A novel ER-derived compartment, the ER body, selectively accumulates a β-glucosidase with an ER-retention signal in Arabidopsis
Article first published online: 6 FEB 2003
The Plant Journal
Volume 33, Issue 3, pages 493–502, February 2003
How to Cite
Matsushima, R., Kondo, M., Nishimura, M. and Hara-Nishimura, I. (2003), A novel ER-derived compartment, the ER body, selectively accumulates a β-glucosidase with an ER-retention signal in Arabidopsis. The Plant Journal, 33: 493–502. doi: 10.1046/j.1365-313X.2003.01636.x
- Issue published online: 6 FEB 2003
- Article first published online: 6 FEB 2003
- Received 26 July 2002; revised 25 October 2002; accepted 6 November 2002.
- ER body;
- endoplasmic reticulum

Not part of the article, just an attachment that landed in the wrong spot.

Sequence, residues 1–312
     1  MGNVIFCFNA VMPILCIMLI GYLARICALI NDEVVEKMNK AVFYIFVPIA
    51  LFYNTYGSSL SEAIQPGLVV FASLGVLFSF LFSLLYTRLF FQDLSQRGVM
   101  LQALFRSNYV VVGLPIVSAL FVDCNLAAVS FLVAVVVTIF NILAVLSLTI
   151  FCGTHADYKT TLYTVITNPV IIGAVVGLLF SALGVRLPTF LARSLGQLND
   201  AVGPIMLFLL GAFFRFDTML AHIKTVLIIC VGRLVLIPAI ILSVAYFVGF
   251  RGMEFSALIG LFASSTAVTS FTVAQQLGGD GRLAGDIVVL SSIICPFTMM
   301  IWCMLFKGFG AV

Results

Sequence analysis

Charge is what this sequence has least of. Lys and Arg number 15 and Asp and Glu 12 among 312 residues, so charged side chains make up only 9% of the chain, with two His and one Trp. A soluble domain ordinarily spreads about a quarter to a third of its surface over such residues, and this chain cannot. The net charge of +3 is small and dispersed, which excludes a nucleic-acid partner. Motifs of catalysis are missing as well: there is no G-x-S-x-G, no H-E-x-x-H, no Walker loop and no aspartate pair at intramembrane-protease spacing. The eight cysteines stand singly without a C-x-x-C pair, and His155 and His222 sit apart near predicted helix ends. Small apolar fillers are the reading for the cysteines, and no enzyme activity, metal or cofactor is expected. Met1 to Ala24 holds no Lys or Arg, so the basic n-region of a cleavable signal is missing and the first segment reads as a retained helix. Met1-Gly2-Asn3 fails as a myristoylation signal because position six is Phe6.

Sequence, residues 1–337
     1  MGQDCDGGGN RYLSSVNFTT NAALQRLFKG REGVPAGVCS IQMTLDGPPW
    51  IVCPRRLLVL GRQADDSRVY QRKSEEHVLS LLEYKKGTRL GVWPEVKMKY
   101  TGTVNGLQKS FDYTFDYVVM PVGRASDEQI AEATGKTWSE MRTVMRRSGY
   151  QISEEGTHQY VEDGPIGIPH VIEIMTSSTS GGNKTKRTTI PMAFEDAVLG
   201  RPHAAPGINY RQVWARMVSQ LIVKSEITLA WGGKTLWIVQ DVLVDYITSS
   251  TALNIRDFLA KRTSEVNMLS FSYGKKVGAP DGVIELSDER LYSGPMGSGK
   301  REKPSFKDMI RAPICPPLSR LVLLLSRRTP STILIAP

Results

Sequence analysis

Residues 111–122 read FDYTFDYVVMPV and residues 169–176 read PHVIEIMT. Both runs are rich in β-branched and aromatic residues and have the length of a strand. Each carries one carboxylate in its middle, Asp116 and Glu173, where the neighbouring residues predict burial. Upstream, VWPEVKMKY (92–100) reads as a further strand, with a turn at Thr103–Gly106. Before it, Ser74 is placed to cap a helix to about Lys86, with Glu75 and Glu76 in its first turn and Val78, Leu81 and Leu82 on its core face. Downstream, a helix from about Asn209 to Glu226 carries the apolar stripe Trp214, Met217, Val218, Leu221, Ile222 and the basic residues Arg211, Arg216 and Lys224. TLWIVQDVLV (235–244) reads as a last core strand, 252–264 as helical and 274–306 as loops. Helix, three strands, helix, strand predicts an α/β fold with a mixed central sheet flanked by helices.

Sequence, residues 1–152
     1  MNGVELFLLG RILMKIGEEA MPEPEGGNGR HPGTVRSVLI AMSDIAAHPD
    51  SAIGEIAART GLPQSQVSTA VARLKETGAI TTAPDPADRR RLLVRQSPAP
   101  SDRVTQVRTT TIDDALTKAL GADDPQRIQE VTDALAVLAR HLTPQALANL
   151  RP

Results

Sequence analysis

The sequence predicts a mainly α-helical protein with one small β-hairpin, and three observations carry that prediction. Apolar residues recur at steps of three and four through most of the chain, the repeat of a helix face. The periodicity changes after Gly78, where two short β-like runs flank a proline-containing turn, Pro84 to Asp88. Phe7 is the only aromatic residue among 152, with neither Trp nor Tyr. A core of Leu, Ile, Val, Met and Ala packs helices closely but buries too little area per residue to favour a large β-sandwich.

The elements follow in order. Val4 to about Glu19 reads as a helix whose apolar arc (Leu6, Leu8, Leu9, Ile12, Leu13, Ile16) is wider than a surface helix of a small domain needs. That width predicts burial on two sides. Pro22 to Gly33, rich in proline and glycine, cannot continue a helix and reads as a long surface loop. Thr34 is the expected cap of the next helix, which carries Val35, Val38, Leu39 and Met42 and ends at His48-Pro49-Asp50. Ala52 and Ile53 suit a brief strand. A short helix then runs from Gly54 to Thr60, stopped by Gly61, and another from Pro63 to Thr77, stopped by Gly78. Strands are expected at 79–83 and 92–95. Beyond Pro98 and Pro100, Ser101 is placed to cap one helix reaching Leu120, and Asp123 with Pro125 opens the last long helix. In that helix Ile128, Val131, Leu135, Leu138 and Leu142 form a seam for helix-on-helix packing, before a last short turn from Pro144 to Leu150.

The ER body is a novel compartment that is derived from endoplasmic reticulum (ER) in Arabidopsis. In contrast to whole seedlings which have a wide distribution of the ER bodies, rosette leaves have no ER bodies. Recently, we reported that wound stress induces the formation of many ER bodies in rosette leaves, suggesting that the ER body plays a role in the defense system of plants. ER bodies were visualized in transgenic plants (GFP-h) expressing green fluorescent protein (GFP) with an ER-retention signal, HDEL. These were concentrated in a 1000-g pellet (P1) of GFP-h plants. We isolated an Arabidopsis mutant, nai1, in which fluorescent ER bodies were hardly detected in whole plants. We found that a 65-kDa protein was specifically accumulated in the P1 fraction of GFP-h plants, but not in the P1 fraction of nai1 plants. N-terminal peptide sequencing revealed that the 65-kDa protein was a β-glucosidase, PYK10, with an ER-retention signal, KDEL. Immunocytochemistry showed that PYK10 was localized in the ER bodies. Compared with the accumulation of GFP-HDEL, which was associated with both cisternal ER and ER bodies, the accumulation of PYK10 was much more specific to ER bodies. PYK10 was one of the major proteins in cotyledons, hypocotyls and roots of Arabidopsis seedlings, while PYK10 was not detected in rosette leaves that have no ER bodies. These findings indicated that PYK10 is the main component of ER bodies. It is possible that PYK10 produces defense compounds when plants are damaged by insects or wounding.